The role of Actiphage® as a powerful research tool for tuberculosis-related diseases is to be explored at the 15th International Association for Paratuberculosis Colloquium (ICP2022) in Dublin on 12 – 16th June 2022. Results from a study of co-infection of bison will be presented and the new Johne’s Disease Testing Service will be discussed on the Biosellal stand where PBD Biotech has a presence.
First results show Actiphage detects co-infection in bison
The poster, to be presented by Professor Cath Rees of the University of Nottingham, is the first time that Actiphage has been applied to detecting co-infection of North American bison. The nature of infection in the seven bison was unknown, so Actiphage was used as a lysing agent to extract DNA from viable mycobacterial cells, then different PCR assays were applied to identify the type of Mycobacterium causing the infection.
The robust nature of the mycobacteria means that extracting the DNA for identification by PCR is problematic and physical or chemical lysis methods are inefficient. In contrast, the phage lysis has evolved to be highly efficient and allows Actiphage to detect very low (<10) numbers of cells.
Additionally, since the assay directly detects the presence of the organism rather than an immune response, the method can be applied to any species of animal. Actiphage’s developer, PBD Biotech, has recently launched a Johne’s Disease testing service that uses Actiphage to detect Mycobacterium avium subsp. paratuberculosis (MAP) in the blood of cattle and farmed deer.
The bison study successfully identified the presence of MAP in six animals, of which two also had evidence of M. avium co-infection; in the remaining animal only M. avium was detected. This is an important finding as it shows Actiphage is a powerful tool for disease management in species where there is limited availability of immunological tests.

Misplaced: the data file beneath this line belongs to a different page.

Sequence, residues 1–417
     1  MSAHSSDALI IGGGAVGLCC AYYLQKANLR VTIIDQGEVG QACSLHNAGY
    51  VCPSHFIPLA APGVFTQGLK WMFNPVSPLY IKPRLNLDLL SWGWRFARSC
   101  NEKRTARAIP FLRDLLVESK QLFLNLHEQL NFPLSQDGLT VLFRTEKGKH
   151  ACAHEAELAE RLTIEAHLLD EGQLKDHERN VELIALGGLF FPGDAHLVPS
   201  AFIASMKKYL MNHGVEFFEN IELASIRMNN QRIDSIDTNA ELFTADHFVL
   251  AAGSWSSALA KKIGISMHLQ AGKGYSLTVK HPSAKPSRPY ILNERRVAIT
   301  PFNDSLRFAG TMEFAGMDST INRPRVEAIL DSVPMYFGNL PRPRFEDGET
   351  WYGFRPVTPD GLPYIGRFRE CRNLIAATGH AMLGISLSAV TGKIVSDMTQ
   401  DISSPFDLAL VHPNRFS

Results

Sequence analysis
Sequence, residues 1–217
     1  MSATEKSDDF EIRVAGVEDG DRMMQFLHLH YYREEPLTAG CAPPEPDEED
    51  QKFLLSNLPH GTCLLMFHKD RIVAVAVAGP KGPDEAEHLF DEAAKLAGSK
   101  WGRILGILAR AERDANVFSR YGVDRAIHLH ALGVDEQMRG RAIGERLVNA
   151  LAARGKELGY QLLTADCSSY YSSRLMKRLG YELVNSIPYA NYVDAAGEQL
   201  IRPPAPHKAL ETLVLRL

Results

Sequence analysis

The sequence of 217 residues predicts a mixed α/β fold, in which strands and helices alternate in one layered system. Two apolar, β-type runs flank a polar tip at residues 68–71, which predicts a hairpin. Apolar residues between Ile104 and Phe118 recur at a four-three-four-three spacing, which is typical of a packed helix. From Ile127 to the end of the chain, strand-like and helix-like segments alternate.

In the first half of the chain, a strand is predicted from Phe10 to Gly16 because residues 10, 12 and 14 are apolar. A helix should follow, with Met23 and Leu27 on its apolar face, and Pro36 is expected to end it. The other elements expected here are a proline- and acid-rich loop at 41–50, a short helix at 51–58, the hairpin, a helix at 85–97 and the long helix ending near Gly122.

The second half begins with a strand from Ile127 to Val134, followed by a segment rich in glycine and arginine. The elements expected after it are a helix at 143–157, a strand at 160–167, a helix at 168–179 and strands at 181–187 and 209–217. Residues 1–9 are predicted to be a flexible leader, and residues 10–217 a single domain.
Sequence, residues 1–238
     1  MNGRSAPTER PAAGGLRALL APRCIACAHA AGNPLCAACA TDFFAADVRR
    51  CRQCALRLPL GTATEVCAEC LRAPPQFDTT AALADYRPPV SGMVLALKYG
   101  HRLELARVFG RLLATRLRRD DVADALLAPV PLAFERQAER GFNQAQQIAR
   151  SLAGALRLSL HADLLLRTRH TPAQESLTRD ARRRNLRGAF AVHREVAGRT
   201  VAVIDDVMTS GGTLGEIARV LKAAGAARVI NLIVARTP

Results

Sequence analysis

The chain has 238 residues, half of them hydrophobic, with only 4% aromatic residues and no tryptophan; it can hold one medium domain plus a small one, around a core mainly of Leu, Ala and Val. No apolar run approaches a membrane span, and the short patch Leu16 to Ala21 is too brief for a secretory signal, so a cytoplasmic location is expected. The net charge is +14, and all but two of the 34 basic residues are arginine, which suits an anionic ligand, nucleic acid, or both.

The results demonstrate the ability of Actiphage to successfully extract DNA even when few cells of viable Mycobacteria are present, and offers a utility for both rapid detection and sub-speciation due to it compatibility with existing PCR-based assays.
Early detection of MAP in calves
Actiphage has also been used to detect MAP in the blood of experimentally infected calves (Swift et al., 2020).
Earlier findings from a study by Biosellal and PBD Biotech found that MAP could be detected in the blood of day-old calves born from MAP-positive mothers. Previously Johne’s Disease was only reliably diagnosed in 18 – 24-month calves after they had started to shed MAP into their faeces.
The study involved monthly testing on calves from three different herds – born from MAP-positive and MAP-negative cows – using PBD Biotech’s Actiphage kit and Biosellal’s Bio-T kit® MAP PCR on blood samples. This landmark study showed that there was a window of opportunity between birth and shedding of MAP to detect and control the disease.
See us at ICP on Biosellal stand
Jonnie Yewdall, Commercial Director for PBD Biotech, will be available for discussions at the Biosellal stand at ICP. The Biosellal PCR kit is verified and validated to detect MAP and works with Actiphage.
Diagnostics and detection – Poster Pitches
Tuesday, June 14, 2022, 12:45 PM – 1:00 PM, Main Auditorium, Printworks
Detection of MAP and M. avium co-infection in North American Bison using Actiphage – Prof Cath Rees
Optimization of Actiphage for detection of MAP in different hosts, including humans – Prof Cath Rees